OSU Course Info
Ohio State University
School of Music

Rhythm Perception Timeline

Important Durations and Interonset Intervals

by Miriam Tumeo

N.B. Blue font is used to indicate statements that pertain to spans of time (or duration) rather than inter-onset intervals.

0.002 seconds
(2 milliseconds)
Experimentally shown to be the minimum time separation required for two stimuli to be perceived as distinct sounds (does not generalize to all types of stimuli). (Hirsh 1959)
0.02 seconds
(20 milliseconds)
Experimentally shown to be the minimum time separation required so that the order of two sounds can be distinguished (does not generalize to all types of stimuli). (Hirsh 1959)
0.03 seconds
(30 milliseconds)
Shortest possible length of a spoken English consonant (voiced stop consonants). (Fourakis lecture, 2005)
0.1 seconds
(100 milliseconds)
Fastest perceptual musical separation possible (London, 2004, pp.27,42), though in practice, usually only subdivisions (London, 2004, pp.34-35). Based upon multiple experiments showing 100-130 ms to be a boundary for performance and perception. Also shown to be the time needed to cortically process musical elements (London, 2004, p.29). Longest consonant length (unvoiced stop consonants with aspiration. Note: fricatives can be held longer; no standards exist for fricative length. (Fourakis lecture, 2005).
0.12 seconds
(120 milliseconds)
Time needed to process verbalizations. (Lehiste, 1970).
0.2 seconds
(200 milliseconds)
Fastest perceivable speed for musical beats, fastest tactus (200-250 ms, London, 2004, pp.34-35) Note that separation is perceived with a lower threshold (100 ms) but cannot be used as a beat (London, 2004, pp.37-38). Fastest musical tempo (London, 2004, p.31). Also considered the lower end of temps courts (upper end is 300 ms, Fraisse, Clarke, p.474). Shortest vowel length in normal speech (Fourakis lectures, 2005).
0.25 seconds
(250 milliseconds)
Amount of recordable time in echoic memory; that is, chunks of sound stimuli are recorded in echoic memory at this length of time (London, 2004, pp.34-35; based on Crowder).
0.4 seconds
(400 milliseconds)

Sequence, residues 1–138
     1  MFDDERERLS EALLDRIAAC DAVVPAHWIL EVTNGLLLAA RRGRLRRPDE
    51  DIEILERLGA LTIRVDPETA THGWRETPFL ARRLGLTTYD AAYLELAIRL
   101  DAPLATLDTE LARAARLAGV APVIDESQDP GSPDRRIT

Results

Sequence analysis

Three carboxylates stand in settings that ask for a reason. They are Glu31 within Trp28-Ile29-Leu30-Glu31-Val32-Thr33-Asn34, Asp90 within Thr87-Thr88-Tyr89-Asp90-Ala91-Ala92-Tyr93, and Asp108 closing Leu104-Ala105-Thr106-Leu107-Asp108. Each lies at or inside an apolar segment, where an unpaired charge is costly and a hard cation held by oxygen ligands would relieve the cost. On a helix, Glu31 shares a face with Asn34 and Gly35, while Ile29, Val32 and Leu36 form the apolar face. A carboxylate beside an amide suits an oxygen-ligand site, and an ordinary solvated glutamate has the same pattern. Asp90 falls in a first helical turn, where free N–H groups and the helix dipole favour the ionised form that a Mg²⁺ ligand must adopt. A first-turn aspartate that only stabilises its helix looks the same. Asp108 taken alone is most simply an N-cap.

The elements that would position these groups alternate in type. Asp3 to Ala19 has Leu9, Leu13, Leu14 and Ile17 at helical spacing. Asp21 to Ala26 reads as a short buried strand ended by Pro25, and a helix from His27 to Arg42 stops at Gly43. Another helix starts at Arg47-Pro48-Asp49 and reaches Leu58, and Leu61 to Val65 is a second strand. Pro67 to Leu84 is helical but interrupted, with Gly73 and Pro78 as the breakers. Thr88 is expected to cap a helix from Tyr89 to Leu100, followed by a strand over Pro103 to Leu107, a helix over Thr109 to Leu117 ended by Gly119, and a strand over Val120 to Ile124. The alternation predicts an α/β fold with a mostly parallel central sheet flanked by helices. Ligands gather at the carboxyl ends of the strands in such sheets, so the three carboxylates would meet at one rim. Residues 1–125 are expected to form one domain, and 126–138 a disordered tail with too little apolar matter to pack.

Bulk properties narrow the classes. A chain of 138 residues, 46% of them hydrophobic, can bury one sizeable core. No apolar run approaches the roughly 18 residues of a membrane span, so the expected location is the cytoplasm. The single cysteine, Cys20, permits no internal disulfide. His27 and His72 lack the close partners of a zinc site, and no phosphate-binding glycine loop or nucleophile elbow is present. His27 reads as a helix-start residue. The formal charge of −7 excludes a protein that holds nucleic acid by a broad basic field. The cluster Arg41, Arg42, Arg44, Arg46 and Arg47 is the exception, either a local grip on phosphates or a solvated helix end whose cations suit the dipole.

Tactus of children (Jones 2000, London, 2004, p.34), also the boundary between temps courts and temps longs (Fraisse, Clarke 475). Longest vowels in normal speech last this long Fourakis lecture, 2005).
0.45 seconds
(450 milliseconds)
Lower limit for temps longs (upper end is 900 ms, Fraisse, Clarke 475).
0.6 seconds
(600 milliseconds)
Tactus of adults (Jones 2000, London 34), also lower end of indifference interval (upper end is 700 ms, Parncutt 1994).
0.7 seconds
(700 milliseconds)
Upper limit for the indifference interval (lower limit is 600 ms, Parncutt 1994).
0.9 seconds
(900 milliseconds)
Upper limit for temps longs (lower end is 450 ms, Fraisse, Clarke, 475).
1 second Echoic memory half life (Huron & Parncutt, 1993).
2 seconds Perception of successive isochronous events as beats begins to break apart here (2-3 seconds, London, 2004, p.30). Also shortest length of next layer of conscious memory above echoic memory (playback in head can be for up to 10 seconds of information, Clarke 476). Slowest musical tempo (London, 2004, p.31).
3 seconds Lower limit of perceptual present (Clarke 476, 8 seconds is the upper limit).
3.4 seconds Physical synchrony with an isochronous beat pattern is no longer possible (London, 2004, p.30).
6 seconds Upper limit of rhythm perception (London, 2004, p.42, p.27, where he states it's between 5 and 6 seconds, 2-3 times the amount where the perception first starts to fall apart).
8 seconds Upper limit of perceptual present (Clarke, p.476, 3 seconds is the lower limit).
10 seconds Maximum amount of space in intermediate memory between echoic memory and consciousness (Clarke 476).
30 seconds Musicians without perfect pitch cannot recreate the key of a previously heard piece without rehearsal in memory. (Cook, 1987).
288 seconds (4:48) Median duration of random sample of 101 recorded CD tracks. Median duration of a musical "selection" or "piece."
86,400 seconds
(one day)
Sleep and wake cycles, daily routines and schemas (circadian rhythms). Note that the wake cycle hits once every 24 hours and lasts for about 16 hours (57,600 seconds), and that the sleep cycle hits once every 24 hours at the end of the wake schedule, and lasts for about 8 hours (28,800 seconds).
2,628,000 seconds
(1 month)
Menstruation, full moon, bills due, month changes.
7,884,000 seconds
(3 months)
Change of season, quarter changes.
31,536,000 seconds (1 year) Holidays, birthdays, taxes, anniversaries.

Clarke, E.F. (1999). Rhythm and timing in music. In: D. Deutsch (Ed.), The Psychology of Music. Revised edition. San Diego: Academic Press, pp. 473-500.

Cook, N. (1987). The perception of large-scale tonal closure. Music Perception, Vol. 5, No. 2, pp. 197-206.

Fraisse, P. (1978). Time and rhythm perception. In: E.C. Carterette & M.P. Friedmans (Eds.), Handbook of Perception. Vol. 8. New York: Academic Press, pp. 203-254.

Fraisse, P. (1982). Rhythm and tempo. In: D. Deutsch (Ed.), The Psychology of Music. New York: Academic Press, pp. 149-180.

Hirsh, I.J. (1959). Auditory perception of temporal order. Journal of the Acoustical Society of America, Vol. 31, No. 6, pp. 759-767.

Huron, D., & Parncutt, R. (1993). An improved model of tonality perception incorporating pitch salience and echoic memory. Psychomusicology, Vol. 12, No. 2, pp. 154-171.

London, J. (2004). Hearing in Time: Psychological Aspects of Musical Meter. Oxford: Oxford University Press.

Lehiste, I. (1970). Suprasegmentals. Cambridge, Mass.: MIT Press.

Parncutt, R. (1994). A perceptual model of pulse salience and metrical accent in musical rhythms. Music Perception, Vol. 11, NO. 4, pp. 409-464.

This document is available at http://csml.som.ohio-state.edu/Music839D/Notes/timeline.html